Los Normales Rurales were protesting their local government i.e. mayor and cronies. They were revolutionary propagandists attempting to reach the masses through actions. Like Mao Zedong's China produced the barefoot doctors to provide adequate health care to the rural areas, Ayotzinapa University is producing teachers who will eventually find locations in other rural or urban areas. They will take teaching positions, and, armed with revolutionary theory and knowledge of their national context, they are vital to organizing the proletariat, the peasantry, the students and other sympathetic classes.
[h]Responses to the massacre[/h]
The Mexican government run by Enrique Peña Nieto only made a cursory attempt to serve justice. This was the way the Mexican government handled the massacre of its' citizens at the hands of its' own officials. That area was infested with corrupt government officials and continuously disappeared citizens by the cartels. The search for the missing 43 students only produced the location of more than a dozen mass graves or "fosas."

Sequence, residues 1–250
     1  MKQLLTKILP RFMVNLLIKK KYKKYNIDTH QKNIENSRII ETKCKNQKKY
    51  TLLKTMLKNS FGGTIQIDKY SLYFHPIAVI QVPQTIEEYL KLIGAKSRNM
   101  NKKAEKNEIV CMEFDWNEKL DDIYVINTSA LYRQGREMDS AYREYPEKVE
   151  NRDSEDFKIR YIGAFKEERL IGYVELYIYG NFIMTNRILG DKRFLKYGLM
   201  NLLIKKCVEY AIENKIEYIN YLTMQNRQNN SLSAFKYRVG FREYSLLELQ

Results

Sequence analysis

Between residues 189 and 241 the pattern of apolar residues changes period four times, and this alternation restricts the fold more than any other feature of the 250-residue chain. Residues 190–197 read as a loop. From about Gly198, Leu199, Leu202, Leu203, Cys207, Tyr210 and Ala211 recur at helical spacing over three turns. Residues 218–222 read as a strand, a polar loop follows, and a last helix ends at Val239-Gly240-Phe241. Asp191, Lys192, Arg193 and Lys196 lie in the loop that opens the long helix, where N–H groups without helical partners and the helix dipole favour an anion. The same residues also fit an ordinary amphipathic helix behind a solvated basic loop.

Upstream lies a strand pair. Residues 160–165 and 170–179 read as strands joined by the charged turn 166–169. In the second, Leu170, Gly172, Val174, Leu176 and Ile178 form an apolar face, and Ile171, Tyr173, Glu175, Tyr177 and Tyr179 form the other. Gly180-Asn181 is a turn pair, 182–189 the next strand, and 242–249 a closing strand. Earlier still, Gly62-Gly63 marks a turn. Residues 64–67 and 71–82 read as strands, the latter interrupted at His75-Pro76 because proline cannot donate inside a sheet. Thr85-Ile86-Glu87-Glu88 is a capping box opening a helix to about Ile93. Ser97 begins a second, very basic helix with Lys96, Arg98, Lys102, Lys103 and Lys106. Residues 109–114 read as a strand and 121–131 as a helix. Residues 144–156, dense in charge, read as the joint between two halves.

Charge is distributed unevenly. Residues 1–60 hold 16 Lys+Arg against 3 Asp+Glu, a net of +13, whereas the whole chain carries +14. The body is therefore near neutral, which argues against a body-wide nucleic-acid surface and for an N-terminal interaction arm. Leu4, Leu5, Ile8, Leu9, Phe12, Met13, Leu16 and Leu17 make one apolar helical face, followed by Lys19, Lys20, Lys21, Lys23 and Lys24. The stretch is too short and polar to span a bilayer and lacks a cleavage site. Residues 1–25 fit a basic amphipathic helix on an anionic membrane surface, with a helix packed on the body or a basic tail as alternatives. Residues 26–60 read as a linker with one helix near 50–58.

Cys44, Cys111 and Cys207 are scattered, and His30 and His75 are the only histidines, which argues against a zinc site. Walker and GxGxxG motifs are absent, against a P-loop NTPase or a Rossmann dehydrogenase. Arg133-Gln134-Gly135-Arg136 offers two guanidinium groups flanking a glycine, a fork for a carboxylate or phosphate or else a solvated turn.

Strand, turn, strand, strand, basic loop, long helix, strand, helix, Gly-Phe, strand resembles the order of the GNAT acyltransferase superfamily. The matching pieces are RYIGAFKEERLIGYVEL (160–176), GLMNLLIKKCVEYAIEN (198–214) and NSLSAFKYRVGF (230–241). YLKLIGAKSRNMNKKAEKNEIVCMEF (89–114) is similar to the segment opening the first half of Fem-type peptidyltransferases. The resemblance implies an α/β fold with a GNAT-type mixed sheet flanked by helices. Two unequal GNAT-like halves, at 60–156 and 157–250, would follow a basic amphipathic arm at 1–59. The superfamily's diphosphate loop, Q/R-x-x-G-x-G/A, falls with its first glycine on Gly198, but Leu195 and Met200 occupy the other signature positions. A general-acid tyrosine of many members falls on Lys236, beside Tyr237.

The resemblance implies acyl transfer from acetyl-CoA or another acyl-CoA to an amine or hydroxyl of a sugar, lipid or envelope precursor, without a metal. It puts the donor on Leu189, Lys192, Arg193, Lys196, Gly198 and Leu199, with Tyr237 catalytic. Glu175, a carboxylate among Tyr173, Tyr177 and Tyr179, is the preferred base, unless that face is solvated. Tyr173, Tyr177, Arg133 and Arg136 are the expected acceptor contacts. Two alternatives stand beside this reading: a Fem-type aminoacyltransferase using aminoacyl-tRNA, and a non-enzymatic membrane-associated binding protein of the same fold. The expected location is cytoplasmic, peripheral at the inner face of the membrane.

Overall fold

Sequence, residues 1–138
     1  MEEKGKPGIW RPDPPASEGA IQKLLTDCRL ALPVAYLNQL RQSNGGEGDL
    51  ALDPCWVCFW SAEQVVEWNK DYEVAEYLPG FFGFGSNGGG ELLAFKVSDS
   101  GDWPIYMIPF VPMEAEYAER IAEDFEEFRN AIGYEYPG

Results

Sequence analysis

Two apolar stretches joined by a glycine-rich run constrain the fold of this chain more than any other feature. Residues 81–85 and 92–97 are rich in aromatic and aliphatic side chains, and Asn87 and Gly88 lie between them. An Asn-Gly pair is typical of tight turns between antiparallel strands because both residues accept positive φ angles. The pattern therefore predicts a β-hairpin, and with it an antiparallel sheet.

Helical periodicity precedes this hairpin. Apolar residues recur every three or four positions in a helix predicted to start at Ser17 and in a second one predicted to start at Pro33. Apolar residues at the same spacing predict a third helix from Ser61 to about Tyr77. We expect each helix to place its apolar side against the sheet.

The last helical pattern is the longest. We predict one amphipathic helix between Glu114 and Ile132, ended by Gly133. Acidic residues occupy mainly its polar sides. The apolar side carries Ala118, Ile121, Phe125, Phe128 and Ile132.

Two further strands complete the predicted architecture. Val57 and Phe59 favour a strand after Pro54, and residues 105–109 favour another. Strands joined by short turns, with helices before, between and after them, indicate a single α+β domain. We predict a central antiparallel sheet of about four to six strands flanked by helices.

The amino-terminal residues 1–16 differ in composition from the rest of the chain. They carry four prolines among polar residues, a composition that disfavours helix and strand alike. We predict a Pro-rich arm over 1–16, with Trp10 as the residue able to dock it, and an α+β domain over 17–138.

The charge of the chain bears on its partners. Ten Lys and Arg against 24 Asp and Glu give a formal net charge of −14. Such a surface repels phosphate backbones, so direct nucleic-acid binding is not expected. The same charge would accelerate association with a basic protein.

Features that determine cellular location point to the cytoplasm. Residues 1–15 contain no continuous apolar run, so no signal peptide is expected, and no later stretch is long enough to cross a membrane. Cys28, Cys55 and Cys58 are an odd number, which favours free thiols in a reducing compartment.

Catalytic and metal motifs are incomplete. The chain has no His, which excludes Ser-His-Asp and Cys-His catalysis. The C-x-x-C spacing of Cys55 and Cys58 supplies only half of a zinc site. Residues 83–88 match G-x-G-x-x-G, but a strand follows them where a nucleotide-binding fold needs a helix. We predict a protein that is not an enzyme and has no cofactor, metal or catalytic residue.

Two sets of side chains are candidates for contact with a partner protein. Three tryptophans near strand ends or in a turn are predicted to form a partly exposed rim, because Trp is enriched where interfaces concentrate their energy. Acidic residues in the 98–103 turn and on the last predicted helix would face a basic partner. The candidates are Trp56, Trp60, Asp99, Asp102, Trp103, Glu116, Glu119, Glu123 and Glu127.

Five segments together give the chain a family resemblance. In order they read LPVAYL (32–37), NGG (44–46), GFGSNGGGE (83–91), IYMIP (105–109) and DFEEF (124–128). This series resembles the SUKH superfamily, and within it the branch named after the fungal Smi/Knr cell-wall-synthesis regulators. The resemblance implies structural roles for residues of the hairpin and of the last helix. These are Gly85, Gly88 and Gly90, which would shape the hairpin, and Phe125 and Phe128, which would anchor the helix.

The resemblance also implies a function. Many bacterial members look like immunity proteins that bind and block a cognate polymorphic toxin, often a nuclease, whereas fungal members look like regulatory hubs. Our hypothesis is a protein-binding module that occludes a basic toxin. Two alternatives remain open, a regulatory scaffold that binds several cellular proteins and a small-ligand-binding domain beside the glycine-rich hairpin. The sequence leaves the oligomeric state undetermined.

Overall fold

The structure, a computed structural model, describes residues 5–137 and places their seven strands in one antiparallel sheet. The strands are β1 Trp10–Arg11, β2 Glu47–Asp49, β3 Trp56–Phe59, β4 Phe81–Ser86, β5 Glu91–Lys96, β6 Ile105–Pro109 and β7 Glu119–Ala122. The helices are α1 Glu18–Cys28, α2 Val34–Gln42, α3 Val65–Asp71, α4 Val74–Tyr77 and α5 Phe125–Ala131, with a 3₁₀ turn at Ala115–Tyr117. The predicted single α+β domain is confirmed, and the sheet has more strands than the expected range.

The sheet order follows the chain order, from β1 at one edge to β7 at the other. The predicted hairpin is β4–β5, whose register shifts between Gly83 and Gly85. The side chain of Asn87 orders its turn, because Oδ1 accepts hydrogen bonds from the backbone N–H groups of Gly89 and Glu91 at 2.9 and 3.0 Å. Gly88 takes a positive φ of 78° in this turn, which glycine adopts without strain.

Many citizens in Iguala are too afraid to speak out and voice their grievances but not their comrades, other "normalistas" still at Ayotzinapa. They are clamoring for the masses to join their fight against a corrupt and murdering government!
The protests were captured and televised and [email protected] all throughout the country got involved, protesting against government officials especially those of the reactionary party (Partido Revolucionario Institucional, PRI) who Mexicans hold just as responsible as the cartels who carried out the disappearances. PRI is an incorrigibly corrupt party run by the nation's big bourgeoisie. The bourgeoisie has its allies who can carry out their dirty work and would rather eliminate any opposition to their existence. The context in that country is ripe for a revolution! The contradictions between the masses and government is at the point of antagonism.